• medaka;
  • regeneration;
  • blastema;
  • wound epidermis;
  • microarray;
  • cartilage differentiation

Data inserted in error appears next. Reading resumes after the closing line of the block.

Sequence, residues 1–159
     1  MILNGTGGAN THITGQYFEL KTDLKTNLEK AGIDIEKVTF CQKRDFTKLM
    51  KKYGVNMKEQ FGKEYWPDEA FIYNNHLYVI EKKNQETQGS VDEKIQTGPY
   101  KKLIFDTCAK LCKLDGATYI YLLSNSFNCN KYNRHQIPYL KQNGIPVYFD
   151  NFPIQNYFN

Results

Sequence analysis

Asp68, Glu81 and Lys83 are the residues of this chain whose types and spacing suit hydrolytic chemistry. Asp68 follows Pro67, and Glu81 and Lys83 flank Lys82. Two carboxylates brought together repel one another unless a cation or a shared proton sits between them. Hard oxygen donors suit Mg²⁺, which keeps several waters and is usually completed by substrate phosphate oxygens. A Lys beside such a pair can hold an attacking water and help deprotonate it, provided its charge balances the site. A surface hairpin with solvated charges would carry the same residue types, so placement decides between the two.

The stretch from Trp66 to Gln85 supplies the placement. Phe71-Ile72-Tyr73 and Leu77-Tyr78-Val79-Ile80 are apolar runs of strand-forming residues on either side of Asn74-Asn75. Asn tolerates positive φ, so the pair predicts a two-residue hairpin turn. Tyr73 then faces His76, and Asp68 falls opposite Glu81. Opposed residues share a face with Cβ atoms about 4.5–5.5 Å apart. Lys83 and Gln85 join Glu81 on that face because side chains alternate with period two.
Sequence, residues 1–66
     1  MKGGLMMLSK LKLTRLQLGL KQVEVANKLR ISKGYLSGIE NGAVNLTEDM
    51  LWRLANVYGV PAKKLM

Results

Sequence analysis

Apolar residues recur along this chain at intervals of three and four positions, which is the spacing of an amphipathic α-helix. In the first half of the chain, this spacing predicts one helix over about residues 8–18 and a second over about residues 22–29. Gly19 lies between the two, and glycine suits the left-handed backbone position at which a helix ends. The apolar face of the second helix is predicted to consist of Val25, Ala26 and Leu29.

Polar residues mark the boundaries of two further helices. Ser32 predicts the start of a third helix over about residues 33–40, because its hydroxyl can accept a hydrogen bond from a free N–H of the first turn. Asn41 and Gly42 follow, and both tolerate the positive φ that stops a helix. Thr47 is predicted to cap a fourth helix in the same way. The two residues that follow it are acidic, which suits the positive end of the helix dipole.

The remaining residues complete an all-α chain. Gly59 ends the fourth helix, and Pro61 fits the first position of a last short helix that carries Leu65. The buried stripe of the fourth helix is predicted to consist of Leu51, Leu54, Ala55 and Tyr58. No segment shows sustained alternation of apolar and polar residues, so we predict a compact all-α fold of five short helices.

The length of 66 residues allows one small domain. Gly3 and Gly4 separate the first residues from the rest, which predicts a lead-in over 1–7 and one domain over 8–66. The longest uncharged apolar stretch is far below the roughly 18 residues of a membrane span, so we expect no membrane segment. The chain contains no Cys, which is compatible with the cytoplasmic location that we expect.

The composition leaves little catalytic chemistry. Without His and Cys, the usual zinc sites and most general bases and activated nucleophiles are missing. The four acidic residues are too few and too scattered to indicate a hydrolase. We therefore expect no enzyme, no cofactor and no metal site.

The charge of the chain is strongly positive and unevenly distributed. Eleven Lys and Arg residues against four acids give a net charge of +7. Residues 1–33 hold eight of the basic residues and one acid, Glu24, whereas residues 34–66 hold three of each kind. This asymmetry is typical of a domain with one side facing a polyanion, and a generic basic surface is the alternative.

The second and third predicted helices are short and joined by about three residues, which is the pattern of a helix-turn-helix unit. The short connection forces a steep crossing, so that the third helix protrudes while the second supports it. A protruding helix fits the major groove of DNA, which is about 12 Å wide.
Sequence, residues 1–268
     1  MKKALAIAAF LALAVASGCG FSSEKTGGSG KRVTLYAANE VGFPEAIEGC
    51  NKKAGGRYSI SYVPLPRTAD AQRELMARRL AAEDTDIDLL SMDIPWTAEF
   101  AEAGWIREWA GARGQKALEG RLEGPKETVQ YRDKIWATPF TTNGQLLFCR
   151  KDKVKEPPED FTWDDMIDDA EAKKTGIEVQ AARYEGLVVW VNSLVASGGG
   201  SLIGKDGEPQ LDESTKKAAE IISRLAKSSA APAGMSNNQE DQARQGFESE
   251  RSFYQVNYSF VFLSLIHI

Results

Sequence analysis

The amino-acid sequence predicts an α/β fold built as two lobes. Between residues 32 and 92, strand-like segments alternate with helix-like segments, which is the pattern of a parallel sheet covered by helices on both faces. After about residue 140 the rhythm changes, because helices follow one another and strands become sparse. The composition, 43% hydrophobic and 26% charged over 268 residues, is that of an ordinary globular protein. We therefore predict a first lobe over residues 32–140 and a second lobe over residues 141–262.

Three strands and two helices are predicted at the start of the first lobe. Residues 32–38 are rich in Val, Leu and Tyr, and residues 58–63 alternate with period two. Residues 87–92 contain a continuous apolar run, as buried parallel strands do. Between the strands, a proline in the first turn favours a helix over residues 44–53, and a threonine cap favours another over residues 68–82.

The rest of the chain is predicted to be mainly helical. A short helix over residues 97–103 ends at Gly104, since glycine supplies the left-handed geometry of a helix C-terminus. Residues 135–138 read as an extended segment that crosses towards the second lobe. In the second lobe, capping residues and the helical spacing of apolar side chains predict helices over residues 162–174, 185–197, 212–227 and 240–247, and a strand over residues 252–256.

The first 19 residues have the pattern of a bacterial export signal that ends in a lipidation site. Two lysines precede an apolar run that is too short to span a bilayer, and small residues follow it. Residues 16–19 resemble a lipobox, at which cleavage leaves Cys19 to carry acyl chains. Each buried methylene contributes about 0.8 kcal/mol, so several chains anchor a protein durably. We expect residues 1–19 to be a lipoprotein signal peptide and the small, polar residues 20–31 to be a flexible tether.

Urodeles and fish have a remarkable ability to regenerate lost body parts, whereas many higher vertebrates, including mammals, retain only a limited capacity. It is known that the formation of specialized cell populations such as the wound epidermis or blastema is crucial for regeneration; however, the molecular basis for their formation has not been elucidated. Recently, approaches using differential display and microarray have been done in zebrafish for searching molecules involved in regeneration. Here, we used the medaka fish, a distantly diverged fish species, for microarray screening of transcripts up-regulated during regeneration. By setting criteria for selecting transcripts that are reliably and reproducibly up-regulated during regeneration, we identified 140 transcripts. Of them, localized in situ expression of 12 transcripts of 22 tested was detected either in differentiating cartilage, basal wound epidermis, or blastema. Our results provide useful molecular markers for dissecting the regeneration process at a fine cellular resolution. Developmental Dynamics 236:2685–2693, 2007. © 2007 Wiley-Liss, Inc.